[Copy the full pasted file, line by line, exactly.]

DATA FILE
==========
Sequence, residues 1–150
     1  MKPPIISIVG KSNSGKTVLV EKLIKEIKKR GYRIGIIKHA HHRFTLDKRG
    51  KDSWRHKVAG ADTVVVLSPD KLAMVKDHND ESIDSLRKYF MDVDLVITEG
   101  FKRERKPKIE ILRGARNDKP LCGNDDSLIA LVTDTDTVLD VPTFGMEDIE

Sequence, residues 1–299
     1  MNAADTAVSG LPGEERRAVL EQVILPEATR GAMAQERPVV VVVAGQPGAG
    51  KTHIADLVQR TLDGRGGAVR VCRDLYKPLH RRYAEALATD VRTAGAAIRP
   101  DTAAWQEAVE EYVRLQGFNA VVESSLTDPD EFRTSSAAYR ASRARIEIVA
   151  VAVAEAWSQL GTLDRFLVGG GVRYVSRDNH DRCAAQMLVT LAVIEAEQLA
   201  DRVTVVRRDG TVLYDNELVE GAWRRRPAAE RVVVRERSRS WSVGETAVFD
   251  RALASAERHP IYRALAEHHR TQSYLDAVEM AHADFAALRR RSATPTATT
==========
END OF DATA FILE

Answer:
Sequence, residues 1–150
     1  MKPPIISIVG KSNSGKTVLV EKLIKEIKKR GYRIGIIKHA HHRFTLDKRG
    51  KDSWRHKVAG ADTVVVLSPD KLAMVKDHND ESIDSLRKYF MDVDLVITEG
   101  FKRERKPKIE ILRGARNDKP LCGNDDSLIA LVTDTDTVLD VPTFGMEDIE

Sequence, residues 1–299
     1  MNAADTAVSG LPGEERRAVL EQVILPEATR GAMAQERPVV VVVAGQPGAG
    51  KTHIADLVQR TLDGRGGAVR VCRDLYKPLH RRYAEALATD VRTAGAAIRP
   101  DTAAWQEAVE EYVRLQGFNA VVESSLTDPD EFRTSSAAYR ASRARIEIVA
   151  VAVAEAWSQL GTLDRFLVGG GVRYVSRDNH DRCAAQMLVT LAVIEAEQLA
   201  DRVTVVRRDG TVLYDNELVE GAWRRRPAAE RVVVRERSRS WSVGETAVFD
   251  RALASAERHP IYRALAEHHR TQSYLDAVEM AHADFAALRR RSATPTATT